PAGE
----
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Machine Learning in Materials Science

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  • UserProfessor Sir Harry Bhadeshia, Department of Materials Science & Metallurgy, University of Cambridge
  • ClockWednesday 31 January 2018, 14:00-15:00
  • HouseGC13.

If you have a question about this talk, please contact Andrew Morris.

Tea/coffee & cake will be available in the C-block foyer from 1.30pm

Long before machine learning and artificial intelligence became throwaway terms and on occasions seen as threats to our very existence, there were useful attempts to take advantage of what are essentially mathematical methods to deal with complex problems in science.

In the context of materials science, the first paper seems to have been published in 1991 [1]. My own interest was stimulated in 1992, when I did not understand a presentation made at a conference, and followed this up on returning to Cambridge, where I discovered David MacKay (a leader in information theory), then our Physics Department. We started working together and published the first paper in 1995 [2]. The method turned out to be so powerful that we published 14 papers together in unfunded research over a period of 24 years.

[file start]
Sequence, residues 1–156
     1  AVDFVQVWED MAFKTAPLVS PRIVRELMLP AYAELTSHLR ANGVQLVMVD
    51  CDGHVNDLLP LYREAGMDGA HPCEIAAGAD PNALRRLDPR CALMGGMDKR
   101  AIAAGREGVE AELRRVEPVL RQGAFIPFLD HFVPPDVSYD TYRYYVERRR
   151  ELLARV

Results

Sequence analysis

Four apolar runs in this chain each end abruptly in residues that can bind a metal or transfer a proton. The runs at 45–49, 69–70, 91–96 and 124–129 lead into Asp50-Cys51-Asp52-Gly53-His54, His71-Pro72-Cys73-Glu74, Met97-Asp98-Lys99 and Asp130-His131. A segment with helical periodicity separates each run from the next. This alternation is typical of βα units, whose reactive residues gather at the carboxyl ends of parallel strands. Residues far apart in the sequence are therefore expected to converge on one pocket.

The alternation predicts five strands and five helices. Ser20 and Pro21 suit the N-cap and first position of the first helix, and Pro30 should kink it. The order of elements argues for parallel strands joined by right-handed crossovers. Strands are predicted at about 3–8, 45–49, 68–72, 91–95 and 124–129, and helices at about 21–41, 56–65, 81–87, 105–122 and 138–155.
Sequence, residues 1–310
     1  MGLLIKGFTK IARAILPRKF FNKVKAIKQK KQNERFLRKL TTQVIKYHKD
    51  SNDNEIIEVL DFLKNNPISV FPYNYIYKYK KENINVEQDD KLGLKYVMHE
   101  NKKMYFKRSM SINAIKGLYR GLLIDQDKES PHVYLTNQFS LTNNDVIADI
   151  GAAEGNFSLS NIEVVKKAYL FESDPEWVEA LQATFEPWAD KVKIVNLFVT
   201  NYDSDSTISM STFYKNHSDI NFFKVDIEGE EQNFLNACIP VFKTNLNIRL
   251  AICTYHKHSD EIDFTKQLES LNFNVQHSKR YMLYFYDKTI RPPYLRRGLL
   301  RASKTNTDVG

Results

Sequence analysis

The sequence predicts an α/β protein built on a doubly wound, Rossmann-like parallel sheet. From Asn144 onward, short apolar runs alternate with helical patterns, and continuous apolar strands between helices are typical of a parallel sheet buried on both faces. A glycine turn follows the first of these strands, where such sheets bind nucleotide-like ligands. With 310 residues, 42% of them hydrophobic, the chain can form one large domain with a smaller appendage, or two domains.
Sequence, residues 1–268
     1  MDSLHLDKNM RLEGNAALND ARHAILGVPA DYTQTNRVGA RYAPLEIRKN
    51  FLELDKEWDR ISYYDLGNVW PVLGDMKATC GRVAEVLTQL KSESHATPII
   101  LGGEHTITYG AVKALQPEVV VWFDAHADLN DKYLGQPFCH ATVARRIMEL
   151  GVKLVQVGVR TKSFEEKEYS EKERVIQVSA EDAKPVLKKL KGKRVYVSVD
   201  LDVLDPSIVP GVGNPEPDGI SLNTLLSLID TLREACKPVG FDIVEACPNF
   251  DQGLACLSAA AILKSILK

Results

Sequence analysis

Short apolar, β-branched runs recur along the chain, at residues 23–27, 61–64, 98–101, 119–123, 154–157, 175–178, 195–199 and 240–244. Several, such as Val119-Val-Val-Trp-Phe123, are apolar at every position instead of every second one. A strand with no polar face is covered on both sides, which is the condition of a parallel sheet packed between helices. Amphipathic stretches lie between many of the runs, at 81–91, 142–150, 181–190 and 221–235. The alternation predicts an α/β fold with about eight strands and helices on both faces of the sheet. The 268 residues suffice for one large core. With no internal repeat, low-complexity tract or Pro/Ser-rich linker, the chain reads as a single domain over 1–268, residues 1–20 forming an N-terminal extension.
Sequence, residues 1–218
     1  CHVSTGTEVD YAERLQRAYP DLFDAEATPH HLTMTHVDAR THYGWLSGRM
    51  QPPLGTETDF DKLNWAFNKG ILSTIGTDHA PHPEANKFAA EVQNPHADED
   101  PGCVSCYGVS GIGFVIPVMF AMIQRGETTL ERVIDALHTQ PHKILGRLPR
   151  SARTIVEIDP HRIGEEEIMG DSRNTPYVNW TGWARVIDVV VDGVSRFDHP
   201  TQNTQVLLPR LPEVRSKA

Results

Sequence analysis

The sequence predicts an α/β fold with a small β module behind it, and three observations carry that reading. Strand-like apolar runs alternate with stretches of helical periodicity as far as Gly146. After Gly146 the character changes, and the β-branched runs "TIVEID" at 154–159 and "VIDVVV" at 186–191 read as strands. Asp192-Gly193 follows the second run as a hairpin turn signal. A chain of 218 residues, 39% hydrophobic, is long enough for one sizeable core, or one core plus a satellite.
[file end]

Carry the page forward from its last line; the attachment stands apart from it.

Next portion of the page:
In this lecture, I will deal explicitly with the following:
 (a) A simple and transparent explanation of the method.
 (b) Question whether there is any intelligence involved.
 (c) Show how the technique has led to remarkable PREDICTIONS that have been subsequently been verified experimentally.
 (d) Describe the best way of disseminating the outcomes.

[1] Ghaboussi, J., J. H. Garrett Jr, and Xiping Wu. “Knowledge-based modeling of material behavior with neural networks.” Journal of Engineering Mechanics 117.1 (1991): 132-153.
 [2] Bhadeshia, H. K. D. H., D. J. C. MacKay, and L-E. Svensson. “Impact toughness of C–Mn steel arc welds–Bayesian neural network analysis.” Materials Science and Technology 11.10 (1995): 1046-1051.

Biography: Harry Bhadeshia is the Tata Steel Professor of Metallurgy at the University of Cambridge, with primary interest in the science that leads to novel alloys of iron.

This talk is part of the School of Metallurgy and Materials Colloquia series.

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